Community screenings were held from March 2008 to July 2009. Diabetes screenings were conducted at several neighborhood community centers, recreational sites, and churches in South Madison for parents of children between the ages of 10 to 19 years. During these neighborhood gatherings, researchers distributed diabetes risk assessment surveys to parents (see Figure 1). Parents who reported their child as having 2 or more risk factors for type 2 diabetes on this survey (overweight [body mass index (BMI) ≥ 85th percentile for age and sex]; family history of type 2 diabetes in first or second degree relative; ethnicity; or signs of insulin resistance [acanthosis nigricans, hypertension, polycystic ovarian syndrome, or conditions associated with insulin resistance])15 were invited to have their child screened for diabetes. The American Diabetes Association (ADA) guidelines indicate that children who are above the 85th percentile for age and gender with additional risk factors should be screened for diabetes. However, we screened normal weight children who had other risk factors for diabetes so that our screening process would not be stigmatized as screening for “overweight and obese children,” thus preventing embarrassment or discomfort for the overweight and obese children who were being screened at a public event.

Figure 1
Is your child at risk for diabetes?

The study was approved by the Committee for Protection of Human Subjects at the University of Wisconsin-Madison. Parental consent and child assent was obtained from parents and adolescents who participated in the community screening. Adolescents with diseases that limited their life span or physical limitations preventing regular exercise, type 1 or type 2 diabetes, history of antidiabetic medication use, Cushing’s syndrome, acromegaly, pheochromocytoma, and chronic pancreatitis were excluded from the screening process. Parents, guardians, or children who were unable to communicate with the pertinent clinic staff in English or Spanish were also excluded.

Data Collection

The community screenings were staffed by 2 certified medical interpreters and 3 certified diabetes educators (CDEs), 1 of whom was bilingual/bicultural. All materials were developed in English and Spanish. A nurse CDE, dietitian CDE, and pharmacist CDE administered lifestyle questionnaires and obtained blood pressure and body weight after obtaining written informed consent/assent from children and parents.

The child’s weight and height were measured with the child in a standing position, wearing light clothing, and without shoes. The child’s weight was measured using a digital electronic scale (Conair Body Analysis Weight Tracker Scale, model CON WW89T; Conair, East Windsor, NJ), and height was measured using a portable stadiometer. BMI was calculated as weight (in kilograms) divided by height (in meters) squared.

The blood pressure (BP) and pulse rate were obtained using an ambulatory BP monitor (Omron Digital Blood Pressure Monitor, model HEM-907XL; Omron, Kyoto, Japan), an automatic device that uses an oscillometric technique. Oscillometric devices are easy to use and may be less prone to errors in technique compared to other devices.16 The child’s blood pressure and pulse were measured 3 times, 1 minute apart, using the protocol recommended by the Task Force Report (National High Blood Pressure Education Program Working Group on Hypertension Control in Children and Adolescents, 1996).17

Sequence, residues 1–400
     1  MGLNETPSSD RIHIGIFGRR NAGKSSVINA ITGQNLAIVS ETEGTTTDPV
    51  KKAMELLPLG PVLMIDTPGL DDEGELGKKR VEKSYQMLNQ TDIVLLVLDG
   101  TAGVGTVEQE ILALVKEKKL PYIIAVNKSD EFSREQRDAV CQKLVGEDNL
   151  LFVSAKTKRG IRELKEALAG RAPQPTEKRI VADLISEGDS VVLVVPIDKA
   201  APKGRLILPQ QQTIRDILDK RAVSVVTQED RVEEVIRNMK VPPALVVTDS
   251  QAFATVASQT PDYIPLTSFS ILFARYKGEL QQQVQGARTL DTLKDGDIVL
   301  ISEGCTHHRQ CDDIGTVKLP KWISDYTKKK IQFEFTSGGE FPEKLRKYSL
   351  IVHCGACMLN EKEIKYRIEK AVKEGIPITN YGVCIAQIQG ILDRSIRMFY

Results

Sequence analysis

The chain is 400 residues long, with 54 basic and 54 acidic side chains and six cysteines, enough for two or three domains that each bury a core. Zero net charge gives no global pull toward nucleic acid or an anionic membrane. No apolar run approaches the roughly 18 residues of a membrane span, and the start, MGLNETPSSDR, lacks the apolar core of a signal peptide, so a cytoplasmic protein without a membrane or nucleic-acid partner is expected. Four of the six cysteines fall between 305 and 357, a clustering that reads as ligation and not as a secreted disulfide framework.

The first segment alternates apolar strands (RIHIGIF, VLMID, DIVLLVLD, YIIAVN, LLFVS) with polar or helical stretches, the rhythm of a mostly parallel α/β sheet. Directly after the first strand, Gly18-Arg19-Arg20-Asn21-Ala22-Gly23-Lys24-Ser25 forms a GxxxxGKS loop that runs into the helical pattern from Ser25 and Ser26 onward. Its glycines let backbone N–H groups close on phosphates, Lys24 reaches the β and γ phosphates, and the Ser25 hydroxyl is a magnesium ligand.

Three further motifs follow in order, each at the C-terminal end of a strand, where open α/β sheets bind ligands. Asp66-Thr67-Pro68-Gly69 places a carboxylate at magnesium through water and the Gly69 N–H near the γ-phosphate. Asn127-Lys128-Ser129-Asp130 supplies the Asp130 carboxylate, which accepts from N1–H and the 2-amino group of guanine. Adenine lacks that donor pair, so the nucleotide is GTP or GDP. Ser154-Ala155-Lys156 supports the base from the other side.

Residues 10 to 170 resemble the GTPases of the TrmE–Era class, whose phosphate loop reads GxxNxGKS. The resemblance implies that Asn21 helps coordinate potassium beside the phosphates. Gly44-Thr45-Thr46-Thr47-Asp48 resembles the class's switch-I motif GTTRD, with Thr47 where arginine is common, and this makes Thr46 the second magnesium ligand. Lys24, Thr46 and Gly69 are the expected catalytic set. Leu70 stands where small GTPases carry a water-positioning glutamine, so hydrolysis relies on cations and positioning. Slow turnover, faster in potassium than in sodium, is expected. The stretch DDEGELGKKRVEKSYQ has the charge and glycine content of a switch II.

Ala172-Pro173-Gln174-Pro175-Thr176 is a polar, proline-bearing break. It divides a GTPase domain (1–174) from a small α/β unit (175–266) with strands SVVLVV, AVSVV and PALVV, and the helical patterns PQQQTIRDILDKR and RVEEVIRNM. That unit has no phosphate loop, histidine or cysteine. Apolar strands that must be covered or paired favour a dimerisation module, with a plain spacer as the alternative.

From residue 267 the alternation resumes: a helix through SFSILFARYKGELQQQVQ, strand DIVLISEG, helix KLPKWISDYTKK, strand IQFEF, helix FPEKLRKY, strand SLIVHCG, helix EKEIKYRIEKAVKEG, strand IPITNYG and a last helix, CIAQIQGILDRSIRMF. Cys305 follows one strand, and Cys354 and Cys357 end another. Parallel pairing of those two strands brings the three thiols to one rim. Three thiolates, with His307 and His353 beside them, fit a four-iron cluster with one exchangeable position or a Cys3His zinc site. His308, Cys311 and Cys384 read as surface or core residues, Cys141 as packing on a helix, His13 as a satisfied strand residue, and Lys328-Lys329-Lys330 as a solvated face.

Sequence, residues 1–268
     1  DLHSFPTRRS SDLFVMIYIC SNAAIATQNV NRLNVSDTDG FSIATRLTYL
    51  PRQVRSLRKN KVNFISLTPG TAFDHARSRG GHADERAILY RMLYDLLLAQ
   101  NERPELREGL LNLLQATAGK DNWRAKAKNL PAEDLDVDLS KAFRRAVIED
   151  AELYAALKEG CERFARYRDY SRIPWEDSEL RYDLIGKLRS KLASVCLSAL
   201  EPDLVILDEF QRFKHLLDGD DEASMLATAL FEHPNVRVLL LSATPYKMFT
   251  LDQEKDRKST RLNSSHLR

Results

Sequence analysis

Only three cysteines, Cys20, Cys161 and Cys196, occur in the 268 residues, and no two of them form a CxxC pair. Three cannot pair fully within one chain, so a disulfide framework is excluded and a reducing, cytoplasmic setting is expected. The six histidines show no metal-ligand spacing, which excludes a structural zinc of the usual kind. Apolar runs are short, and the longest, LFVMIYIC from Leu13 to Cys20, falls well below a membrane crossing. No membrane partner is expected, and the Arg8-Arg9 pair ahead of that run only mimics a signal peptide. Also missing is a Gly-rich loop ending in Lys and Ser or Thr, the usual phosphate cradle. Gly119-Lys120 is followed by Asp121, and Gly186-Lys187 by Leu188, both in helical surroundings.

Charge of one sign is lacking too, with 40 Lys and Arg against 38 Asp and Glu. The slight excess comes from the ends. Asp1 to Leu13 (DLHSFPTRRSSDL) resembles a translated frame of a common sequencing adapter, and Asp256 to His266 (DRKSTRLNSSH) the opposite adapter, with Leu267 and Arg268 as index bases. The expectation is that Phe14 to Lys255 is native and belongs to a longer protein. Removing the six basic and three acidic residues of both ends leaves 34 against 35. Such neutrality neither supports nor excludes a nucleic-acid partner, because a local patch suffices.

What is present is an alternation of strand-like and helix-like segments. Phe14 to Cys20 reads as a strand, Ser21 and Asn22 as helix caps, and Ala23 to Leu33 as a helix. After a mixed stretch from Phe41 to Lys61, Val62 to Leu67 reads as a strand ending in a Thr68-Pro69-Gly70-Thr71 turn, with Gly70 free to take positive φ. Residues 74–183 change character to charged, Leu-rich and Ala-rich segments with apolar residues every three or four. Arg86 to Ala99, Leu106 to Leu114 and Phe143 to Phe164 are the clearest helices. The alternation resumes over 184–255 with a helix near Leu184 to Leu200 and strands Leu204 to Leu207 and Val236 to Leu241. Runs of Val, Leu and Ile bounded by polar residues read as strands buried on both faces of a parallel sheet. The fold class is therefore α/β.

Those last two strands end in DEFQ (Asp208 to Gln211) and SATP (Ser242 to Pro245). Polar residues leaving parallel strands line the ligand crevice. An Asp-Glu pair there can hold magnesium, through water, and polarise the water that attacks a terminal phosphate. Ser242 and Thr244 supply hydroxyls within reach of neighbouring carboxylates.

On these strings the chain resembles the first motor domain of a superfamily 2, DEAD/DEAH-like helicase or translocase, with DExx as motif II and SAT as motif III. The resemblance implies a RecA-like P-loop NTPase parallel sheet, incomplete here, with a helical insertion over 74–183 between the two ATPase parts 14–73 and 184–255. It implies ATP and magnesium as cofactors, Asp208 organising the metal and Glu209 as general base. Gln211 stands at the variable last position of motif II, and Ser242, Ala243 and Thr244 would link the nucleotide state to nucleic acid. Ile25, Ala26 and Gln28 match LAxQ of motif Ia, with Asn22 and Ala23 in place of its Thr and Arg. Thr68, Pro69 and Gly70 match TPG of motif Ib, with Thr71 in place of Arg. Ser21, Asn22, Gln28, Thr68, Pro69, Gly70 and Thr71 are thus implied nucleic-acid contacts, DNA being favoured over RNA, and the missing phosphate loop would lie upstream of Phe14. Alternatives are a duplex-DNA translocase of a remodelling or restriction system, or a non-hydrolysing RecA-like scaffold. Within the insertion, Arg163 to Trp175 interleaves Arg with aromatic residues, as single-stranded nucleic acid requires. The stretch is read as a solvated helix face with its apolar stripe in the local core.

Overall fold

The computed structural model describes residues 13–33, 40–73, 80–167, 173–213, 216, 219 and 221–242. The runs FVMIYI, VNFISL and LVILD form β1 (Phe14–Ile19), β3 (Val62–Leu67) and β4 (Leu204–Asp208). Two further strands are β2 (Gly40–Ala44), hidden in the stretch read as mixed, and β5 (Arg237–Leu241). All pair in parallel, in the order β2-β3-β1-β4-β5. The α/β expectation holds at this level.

Demographic information was obtained from the parents and children. The parent and child were also asked to complete a 15-item lifestyle questionnaire, which included specific questions about nutritional habits and physical activity. These items identified how many days in the past week or month subjects exercised, ate certain foods, or dined at fast food restaurants. Responses ranged from never to 5 to 7 times or days each week. Participants were also asked about their willingness to participate in a family centered diabetes prevention program. The family was given a $10 gift card for their participation at the completion of the screening process.

Statistical Analysis

Descriptive statistics for the samples of children and parents are presented. Chi-square and Fisher exact tests were used to compare categorical questionnaire responses between BMI groups. All intermediate computations, statistical analyses, and graphical presentations were produced using Stata Software (v10; StataCorp, College Station, TX).


Eighty-six children from 58 families between the ages of 10 to 19 years (mean age = 12.9 [±2.8] years) participated in this study. Sixty-nine percent were African American, 5% Native American, 20% white, and 6% other. Forty percent of subjects reported being of Hispanic/Latino heritage. Thirty-three percent of the children were obese (BMI > 95th percentile) and 19% were overweight (BMI > 85th percentile). See Table 1 for other demographic characteristics.

Table 1
Demographic Characteristics of Children

Eighty-seven percent of the children reported that they watched television >2 hours daily. However, 44% of obese children reported watching television >5 hours daily compared to only 21% of overweight children and 26% of normal weight children (Table 2).

Table 2
Selected Behavioral Characteristics of Children

While 36% of obese children reported having a regular exercise program, only 14% of obese children reported exercising 5 to 7 times a week compared to 41% of normal weight children and 33% of overweight children (P = .033).